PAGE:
Noel Colstock - Page 4

                                        - 3 -                                         
          substantiate his claims.                                                    

               Deductions are a matter of legislative grace, and taxpayers            
          must maintain adequate records to substantiate the amounts of any           
          deductions or credits claimed.  Sec. 6001; INDOPCO, Inc. v.                 
          Commissioner, 503 U.S. 79, 84 (1992); sec. 1.6001-1(a), Income              
          Tax Regs.  Taxpayers generally bear the burden of proving that              
          the Commissioner’s determinations are incorrect.  Rule 142(a);              
          Welch v. Helvering, 290 U.S. 111 (1933).  Section 7491 does not             
          apply because petitioner has failed to substantiate his                     
          deductions and provide credible evidence.                                   
          1.  Dependency Exemption Deductions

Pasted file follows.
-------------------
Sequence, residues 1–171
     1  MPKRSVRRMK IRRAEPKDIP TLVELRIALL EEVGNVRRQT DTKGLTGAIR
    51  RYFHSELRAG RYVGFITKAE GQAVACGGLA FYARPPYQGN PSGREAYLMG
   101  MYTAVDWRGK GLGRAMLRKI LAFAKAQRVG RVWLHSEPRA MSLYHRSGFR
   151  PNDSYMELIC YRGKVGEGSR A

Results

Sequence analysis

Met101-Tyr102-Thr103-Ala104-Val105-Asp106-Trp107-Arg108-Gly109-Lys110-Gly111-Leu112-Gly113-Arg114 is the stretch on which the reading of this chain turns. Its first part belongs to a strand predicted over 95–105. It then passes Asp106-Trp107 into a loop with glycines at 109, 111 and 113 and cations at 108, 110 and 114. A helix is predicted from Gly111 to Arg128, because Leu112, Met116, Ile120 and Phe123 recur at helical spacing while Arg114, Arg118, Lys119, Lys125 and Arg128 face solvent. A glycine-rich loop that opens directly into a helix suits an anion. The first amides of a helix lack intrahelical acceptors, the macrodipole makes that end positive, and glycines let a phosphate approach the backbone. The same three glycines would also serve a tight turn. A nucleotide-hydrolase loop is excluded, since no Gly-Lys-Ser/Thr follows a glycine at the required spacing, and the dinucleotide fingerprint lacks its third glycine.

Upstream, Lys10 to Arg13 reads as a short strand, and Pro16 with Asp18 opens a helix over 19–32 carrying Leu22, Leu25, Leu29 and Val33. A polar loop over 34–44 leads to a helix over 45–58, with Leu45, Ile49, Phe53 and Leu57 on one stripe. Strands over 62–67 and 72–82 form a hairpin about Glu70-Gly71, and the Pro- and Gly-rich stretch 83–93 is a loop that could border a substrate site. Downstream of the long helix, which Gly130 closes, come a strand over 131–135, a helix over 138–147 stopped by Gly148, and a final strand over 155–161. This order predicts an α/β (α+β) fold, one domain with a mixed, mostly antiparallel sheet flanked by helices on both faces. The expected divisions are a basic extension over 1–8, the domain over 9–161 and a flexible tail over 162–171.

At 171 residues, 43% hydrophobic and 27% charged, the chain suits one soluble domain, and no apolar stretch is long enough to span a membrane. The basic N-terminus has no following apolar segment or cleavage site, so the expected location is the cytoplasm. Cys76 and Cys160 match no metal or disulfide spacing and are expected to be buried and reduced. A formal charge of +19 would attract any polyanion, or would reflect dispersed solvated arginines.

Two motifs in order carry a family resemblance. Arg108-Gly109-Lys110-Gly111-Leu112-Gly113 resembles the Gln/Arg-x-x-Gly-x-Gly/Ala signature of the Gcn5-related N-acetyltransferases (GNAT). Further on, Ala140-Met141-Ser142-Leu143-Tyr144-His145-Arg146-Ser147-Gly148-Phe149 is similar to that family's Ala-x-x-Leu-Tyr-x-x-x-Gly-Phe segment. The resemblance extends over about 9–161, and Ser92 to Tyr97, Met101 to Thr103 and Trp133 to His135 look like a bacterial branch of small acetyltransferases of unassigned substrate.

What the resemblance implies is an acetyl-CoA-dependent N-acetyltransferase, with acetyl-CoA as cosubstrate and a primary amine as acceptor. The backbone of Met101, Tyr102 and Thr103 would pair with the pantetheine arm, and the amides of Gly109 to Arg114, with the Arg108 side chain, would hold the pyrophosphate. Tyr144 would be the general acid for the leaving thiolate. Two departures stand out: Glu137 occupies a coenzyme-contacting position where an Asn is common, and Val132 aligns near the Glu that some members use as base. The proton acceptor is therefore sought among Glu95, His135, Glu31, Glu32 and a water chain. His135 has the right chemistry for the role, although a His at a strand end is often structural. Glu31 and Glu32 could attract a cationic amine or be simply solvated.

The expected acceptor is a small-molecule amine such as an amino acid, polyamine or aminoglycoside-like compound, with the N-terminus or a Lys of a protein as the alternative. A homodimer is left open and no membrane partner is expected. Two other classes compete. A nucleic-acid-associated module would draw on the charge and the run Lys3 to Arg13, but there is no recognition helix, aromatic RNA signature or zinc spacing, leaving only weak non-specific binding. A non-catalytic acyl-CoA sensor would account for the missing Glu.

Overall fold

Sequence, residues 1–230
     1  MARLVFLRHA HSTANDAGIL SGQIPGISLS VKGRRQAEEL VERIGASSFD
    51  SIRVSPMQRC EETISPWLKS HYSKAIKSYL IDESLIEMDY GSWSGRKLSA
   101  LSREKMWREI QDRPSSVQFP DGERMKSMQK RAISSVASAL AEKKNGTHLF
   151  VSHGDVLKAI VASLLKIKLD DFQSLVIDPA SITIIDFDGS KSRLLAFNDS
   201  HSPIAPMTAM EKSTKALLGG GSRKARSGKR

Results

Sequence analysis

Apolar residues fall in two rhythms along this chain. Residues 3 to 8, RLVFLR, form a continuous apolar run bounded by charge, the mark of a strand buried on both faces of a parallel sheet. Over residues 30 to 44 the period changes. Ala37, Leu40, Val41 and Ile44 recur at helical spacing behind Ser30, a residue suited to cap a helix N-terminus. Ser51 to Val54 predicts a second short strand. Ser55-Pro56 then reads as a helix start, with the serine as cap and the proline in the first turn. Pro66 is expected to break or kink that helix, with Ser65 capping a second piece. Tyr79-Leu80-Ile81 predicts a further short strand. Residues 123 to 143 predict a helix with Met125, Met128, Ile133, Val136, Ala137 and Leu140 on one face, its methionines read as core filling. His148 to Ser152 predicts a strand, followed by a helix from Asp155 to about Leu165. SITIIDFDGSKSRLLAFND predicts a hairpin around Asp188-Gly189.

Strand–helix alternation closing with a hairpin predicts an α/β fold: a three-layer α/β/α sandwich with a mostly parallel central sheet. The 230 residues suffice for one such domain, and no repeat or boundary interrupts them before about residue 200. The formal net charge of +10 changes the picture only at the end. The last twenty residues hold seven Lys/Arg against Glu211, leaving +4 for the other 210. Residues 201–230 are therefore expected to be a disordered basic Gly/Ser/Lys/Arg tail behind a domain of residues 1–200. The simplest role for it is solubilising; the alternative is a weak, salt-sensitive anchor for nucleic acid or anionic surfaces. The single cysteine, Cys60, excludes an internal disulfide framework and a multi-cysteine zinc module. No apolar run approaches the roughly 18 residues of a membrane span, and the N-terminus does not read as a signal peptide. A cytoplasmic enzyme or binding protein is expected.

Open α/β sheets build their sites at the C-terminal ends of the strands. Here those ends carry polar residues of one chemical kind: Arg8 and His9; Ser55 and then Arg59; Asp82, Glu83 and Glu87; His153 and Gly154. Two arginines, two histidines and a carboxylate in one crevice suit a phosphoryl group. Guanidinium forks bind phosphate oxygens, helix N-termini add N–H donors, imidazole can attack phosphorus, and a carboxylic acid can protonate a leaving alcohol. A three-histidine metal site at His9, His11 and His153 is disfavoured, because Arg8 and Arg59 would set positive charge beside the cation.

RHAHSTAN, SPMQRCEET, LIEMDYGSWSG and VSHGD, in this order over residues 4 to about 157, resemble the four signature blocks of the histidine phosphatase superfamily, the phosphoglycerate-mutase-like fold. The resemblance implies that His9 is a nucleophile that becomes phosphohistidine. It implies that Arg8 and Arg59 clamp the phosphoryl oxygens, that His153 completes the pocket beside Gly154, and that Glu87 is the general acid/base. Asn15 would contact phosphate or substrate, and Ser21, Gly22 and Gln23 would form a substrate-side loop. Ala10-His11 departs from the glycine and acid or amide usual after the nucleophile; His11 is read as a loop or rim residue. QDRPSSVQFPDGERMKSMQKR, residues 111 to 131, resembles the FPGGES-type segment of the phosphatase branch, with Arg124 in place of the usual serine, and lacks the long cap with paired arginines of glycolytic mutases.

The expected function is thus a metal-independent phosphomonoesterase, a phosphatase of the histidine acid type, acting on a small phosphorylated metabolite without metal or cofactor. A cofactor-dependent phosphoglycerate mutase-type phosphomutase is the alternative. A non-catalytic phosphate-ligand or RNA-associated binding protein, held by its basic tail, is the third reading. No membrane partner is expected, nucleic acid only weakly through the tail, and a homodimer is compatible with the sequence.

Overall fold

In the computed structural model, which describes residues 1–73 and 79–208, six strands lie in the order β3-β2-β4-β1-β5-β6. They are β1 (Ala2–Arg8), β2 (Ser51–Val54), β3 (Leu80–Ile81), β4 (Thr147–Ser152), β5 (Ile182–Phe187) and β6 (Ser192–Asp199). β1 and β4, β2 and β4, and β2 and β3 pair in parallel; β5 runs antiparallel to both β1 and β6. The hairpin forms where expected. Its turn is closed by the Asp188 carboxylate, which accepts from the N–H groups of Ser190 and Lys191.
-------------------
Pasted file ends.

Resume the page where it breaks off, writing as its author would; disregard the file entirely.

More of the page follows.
Section 151(c) allows a taxpayer to deduct an exemption                
          amount for each “dependent” as defined in section 152.  As                  
          relevant here, section 152(a) defines a dependent to include a              
          son or daughter of the taxpayer “over half of whose support, for            
          the calendar year in which the taxable year of the taxpayer                 
          begins, was received from the taxpayer (or is treated under                 
          subsection (c) or (e) as received from the taxpayer)”.                      
               To qualify for a dependency exemption deduction, a taxpayer            
          must establish the total support cost expended on behalf of a               
          claimed dependent from all sources for the year and demonstrate             
          that he provided over half of this amount.  See Archer v.                   

Page:  Previous  1  2  3  4  5  6  7  8  Next

Last modified: May 25, 2011